This will happen as long as the value proposition that the advisor brings is taken into account when weighing his or her costs. Otherwise, the folks who are best positioned to help unlock that value will be commoditized and forced out of the industry by the very people who should be benefiting from their expertise.
CIO.com: So how does this over-commodization of the whole outsourcing decision process play out?
Hansen: On the subject of commoditizing advisors, one example that stands out involved a very good advisor who was competed on costs and speed to contract when the client retained them. In order to secure the client's business, the advisor had to commit to a rigid time frame for RFP generation, vendor meetings, proposal evaluations, and down selection. This deal involved outsourcing for cost containment, but also to support a new global technology infrastructure, process consolidation, and other significant changes.
There were two signs of trouble right off the bat.
The client clearly envisioned using a commodity buying process, which was the first mistake. When you have a deal whose success requires as much internal change as this one did, it is not even close to commodity. The client then evaluated advisors on the basis of which one could run this process the fastest and at the lowest cost. Not only did the client misunderstand the nature of what it was buying, it compounded the problem by hiring an advisor based on cost and speed.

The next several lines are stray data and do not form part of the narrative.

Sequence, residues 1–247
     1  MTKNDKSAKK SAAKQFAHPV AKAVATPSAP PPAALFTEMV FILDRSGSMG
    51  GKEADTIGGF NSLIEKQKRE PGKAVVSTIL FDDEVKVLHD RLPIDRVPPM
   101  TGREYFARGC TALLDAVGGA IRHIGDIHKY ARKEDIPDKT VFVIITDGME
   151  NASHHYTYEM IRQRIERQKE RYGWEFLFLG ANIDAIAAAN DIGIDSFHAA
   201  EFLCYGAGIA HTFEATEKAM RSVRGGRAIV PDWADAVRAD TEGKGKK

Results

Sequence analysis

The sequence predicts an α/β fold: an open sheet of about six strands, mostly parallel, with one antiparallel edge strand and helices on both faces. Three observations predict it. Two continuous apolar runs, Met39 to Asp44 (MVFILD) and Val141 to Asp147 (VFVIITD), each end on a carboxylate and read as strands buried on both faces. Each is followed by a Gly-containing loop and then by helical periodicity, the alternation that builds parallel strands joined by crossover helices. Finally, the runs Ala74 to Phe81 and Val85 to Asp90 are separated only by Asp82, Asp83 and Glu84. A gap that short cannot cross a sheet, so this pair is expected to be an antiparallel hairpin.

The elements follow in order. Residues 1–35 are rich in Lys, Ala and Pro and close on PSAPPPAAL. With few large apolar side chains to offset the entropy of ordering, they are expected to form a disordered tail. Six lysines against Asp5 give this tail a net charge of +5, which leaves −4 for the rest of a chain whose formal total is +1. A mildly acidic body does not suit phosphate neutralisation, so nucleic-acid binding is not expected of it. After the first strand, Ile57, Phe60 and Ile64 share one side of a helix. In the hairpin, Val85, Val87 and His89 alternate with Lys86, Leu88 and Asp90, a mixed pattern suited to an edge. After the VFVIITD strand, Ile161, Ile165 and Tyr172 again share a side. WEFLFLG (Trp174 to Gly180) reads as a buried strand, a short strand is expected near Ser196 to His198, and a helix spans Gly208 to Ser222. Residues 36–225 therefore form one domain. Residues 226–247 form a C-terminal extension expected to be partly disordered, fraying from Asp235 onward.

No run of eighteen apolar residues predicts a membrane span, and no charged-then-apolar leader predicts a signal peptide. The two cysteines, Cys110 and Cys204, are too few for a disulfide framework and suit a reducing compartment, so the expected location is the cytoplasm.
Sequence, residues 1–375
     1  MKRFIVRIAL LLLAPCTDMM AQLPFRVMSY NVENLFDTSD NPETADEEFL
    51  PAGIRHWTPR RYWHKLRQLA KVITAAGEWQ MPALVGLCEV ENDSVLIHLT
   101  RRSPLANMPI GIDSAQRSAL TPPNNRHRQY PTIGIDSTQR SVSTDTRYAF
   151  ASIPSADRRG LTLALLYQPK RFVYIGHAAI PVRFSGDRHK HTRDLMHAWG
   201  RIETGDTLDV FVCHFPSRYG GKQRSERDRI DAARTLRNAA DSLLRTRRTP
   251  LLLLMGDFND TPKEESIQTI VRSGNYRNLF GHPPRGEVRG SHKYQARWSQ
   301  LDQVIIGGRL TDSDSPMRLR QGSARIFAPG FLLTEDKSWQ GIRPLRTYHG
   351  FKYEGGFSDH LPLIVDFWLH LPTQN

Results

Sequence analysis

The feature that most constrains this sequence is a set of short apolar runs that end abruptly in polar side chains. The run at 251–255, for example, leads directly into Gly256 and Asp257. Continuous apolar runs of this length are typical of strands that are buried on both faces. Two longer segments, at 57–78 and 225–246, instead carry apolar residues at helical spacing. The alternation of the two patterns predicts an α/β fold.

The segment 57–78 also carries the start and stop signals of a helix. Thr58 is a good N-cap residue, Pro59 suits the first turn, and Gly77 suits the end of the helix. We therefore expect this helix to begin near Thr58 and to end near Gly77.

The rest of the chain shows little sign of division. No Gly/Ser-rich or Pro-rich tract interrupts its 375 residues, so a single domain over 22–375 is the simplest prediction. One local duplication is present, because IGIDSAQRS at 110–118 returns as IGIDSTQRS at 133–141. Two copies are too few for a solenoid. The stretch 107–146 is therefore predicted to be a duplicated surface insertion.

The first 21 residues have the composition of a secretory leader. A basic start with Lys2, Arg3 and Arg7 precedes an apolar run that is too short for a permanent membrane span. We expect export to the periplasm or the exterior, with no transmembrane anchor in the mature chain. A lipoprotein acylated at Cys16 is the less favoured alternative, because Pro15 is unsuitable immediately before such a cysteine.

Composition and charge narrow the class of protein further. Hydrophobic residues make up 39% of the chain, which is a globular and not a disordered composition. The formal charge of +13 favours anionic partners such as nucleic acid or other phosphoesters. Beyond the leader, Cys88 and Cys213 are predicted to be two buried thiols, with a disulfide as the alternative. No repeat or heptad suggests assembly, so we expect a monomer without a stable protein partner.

The process played out as predicted. In the middle of a very constructive, iterative RFP process, the deadline for vendor selection expired. The client, fully supported by the advisor who was not in a position to push back at that point, down-selected to a provider that was not yet fully vetted on a set of requirements that were being refined as the RFP process was progressing.
The vetting and deal-making process then had to continue into the contract negotiation phase, which is not the best place for it. The solutioning and contracting process both slowed down, blowing the date for transition start by several months and costing much more in unrealized value than the comparatively small savings in transaction costs.
CIO.com: That drama played out before the transition even began. What sorts of problems can a commodity-like buying process cause during the course of the relationship?
Hansen: A few years ago, I had a new client who was a long-term customer of a particular outsourcing provider. They had solid green SLAs and a well-drafted agreement, but they were unhappy. The reason was lack of innovation and partnership.